Banda Aceh (AFP) – Five suspected poachers have been arrested over the beheading of an endangered Sumatran elephant, the Indonesian authorities said on Tuesday (Aug 17), as the South-east Asian archipelago's battle with wildlife crime continues.
Police in Aceh, on the tip of Sumatra island, said they nabbed the suspects on Monday after a month-long investigation and were still searching for a sixth poacher.
The 12-year-old male elephant's rotting carcass was discovered with its head and tusks missing at a oil palm plantation in July.
An autopsy found that the animal had also been poisoned, the authorities said.
One of the arrested suspects killed and then decapitated the elephant, and his accomplices tried to sell pieces of its valuable tusks, Aceh police spokesman Winardy said.
"We are still looking for a sixth suspect, who remains at large," said the official who, like many Indonesians, goes by one name.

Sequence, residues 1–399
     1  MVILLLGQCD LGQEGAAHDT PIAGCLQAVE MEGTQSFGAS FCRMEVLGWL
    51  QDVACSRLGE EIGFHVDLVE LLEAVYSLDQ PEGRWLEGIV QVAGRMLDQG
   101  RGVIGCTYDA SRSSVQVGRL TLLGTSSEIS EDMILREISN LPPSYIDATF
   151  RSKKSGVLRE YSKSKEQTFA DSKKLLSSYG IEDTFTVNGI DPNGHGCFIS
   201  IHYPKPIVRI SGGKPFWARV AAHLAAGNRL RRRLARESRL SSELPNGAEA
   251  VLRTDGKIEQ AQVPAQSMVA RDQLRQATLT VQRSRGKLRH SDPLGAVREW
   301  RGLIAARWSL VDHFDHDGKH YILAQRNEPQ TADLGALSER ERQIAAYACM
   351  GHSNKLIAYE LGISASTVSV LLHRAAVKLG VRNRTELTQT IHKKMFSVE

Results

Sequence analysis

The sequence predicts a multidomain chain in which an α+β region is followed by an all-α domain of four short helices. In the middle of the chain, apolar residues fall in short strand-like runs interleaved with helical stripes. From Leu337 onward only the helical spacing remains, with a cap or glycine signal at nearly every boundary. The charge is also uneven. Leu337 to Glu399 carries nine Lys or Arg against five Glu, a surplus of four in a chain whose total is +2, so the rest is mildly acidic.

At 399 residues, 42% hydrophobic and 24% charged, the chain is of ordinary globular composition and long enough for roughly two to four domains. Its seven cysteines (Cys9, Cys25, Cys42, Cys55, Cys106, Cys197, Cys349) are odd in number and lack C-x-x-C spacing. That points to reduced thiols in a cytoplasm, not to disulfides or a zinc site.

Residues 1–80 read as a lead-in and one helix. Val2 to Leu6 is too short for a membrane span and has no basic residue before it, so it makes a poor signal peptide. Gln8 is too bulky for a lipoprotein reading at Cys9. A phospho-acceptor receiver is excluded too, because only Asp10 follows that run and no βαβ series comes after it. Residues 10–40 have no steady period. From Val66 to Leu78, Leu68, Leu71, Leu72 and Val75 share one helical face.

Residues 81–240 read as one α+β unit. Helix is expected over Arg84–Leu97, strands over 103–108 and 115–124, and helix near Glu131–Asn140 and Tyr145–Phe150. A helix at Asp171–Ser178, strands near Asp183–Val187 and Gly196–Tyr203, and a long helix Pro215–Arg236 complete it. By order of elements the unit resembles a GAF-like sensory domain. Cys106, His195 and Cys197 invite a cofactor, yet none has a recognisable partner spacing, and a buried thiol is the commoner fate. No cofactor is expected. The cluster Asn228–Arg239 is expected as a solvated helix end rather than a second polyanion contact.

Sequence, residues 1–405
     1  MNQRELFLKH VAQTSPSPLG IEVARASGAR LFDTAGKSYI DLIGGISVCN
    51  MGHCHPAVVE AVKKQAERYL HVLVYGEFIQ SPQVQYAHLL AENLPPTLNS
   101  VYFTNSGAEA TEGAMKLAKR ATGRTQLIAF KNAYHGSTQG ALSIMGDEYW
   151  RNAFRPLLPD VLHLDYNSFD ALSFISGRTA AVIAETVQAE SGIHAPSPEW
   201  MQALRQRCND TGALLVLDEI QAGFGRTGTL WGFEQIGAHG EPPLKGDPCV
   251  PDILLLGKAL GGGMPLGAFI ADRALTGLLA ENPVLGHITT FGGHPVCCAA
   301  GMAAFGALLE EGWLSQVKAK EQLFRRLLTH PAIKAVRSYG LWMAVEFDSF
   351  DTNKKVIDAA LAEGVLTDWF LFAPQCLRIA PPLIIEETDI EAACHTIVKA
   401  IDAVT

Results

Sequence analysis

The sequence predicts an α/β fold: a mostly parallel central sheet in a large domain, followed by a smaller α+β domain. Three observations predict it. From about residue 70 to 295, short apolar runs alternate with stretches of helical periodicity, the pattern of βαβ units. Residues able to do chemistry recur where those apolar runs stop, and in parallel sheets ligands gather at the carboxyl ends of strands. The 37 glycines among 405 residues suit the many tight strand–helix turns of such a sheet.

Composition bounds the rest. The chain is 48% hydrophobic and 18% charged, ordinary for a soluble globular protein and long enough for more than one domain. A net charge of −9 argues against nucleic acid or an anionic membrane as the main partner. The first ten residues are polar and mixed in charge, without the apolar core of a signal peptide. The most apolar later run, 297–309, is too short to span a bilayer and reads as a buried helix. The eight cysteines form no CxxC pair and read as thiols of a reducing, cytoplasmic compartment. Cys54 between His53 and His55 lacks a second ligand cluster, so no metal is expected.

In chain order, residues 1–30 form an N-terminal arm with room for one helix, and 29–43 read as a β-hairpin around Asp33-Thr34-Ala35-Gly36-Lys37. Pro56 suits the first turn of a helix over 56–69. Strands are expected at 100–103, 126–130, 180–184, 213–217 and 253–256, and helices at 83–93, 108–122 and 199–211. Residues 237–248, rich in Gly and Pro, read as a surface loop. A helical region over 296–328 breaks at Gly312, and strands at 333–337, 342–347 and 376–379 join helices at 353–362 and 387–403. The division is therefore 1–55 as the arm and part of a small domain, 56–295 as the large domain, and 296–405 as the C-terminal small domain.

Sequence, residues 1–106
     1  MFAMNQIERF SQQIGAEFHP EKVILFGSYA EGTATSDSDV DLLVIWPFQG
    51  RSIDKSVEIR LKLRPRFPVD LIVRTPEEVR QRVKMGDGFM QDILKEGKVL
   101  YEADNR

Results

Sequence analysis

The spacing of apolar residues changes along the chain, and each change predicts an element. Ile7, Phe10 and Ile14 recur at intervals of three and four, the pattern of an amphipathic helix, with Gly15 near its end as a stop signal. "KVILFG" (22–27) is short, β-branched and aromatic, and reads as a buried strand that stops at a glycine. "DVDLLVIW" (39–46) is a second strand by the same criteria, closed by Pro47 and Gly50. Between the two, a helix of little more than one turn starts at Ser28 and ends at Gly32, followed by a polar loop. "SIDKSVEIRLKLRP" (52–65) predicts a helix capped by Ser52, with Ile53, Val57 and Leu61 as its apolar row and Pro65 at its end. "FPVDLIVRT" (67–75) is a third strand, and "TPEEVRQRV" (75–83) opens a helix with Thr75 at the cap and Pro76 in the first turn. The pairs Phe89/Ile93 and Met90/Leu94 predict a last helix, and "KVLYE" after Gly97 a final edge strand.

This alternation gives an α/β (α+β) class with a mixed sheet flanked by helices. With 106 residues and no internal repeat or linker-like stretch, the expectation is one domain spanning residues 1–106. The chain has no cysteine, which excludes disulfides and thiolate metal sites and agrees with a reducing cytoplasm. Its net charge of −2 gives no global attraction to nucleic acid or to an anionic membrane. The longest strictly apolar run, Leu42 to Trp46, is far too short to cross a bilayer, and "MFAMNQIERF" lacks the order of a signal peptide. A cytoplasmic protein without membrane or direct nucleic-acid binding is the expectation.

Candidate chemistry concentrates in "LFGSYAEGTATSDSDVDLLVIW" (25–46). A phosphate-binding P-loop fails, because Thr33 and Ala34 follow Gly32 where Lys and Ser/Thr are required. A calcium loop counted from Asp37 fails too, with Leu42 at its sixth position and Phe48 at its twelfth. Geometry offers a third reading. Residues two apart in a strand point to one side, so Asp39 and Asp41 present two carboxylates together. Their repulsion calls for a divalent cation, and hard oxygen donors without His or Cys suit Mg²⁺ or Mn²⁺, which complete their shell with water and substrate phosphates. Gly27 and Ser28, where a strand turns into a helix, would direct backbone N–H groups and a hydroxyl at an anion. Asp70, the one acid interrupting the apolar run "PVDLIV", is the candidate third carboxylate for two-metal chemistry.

The suspects could face up to 10 years behind bars if convicted under Indonesia's conservation law, he added.
Rampant deforestation has reduced the critically endangered elephants' natural habitat and brought them into increasing conflict with humans, while their tusks are prized in the illegal wildlife trade.
There have been several elephant poisoning cases in recent years, including one in 2019 when a Sumatran elephant was found decapitated with its tusks ripped off.
Aceh's conservation agency estimated that the region has as few as 500 Sumatran elephants left in the wild.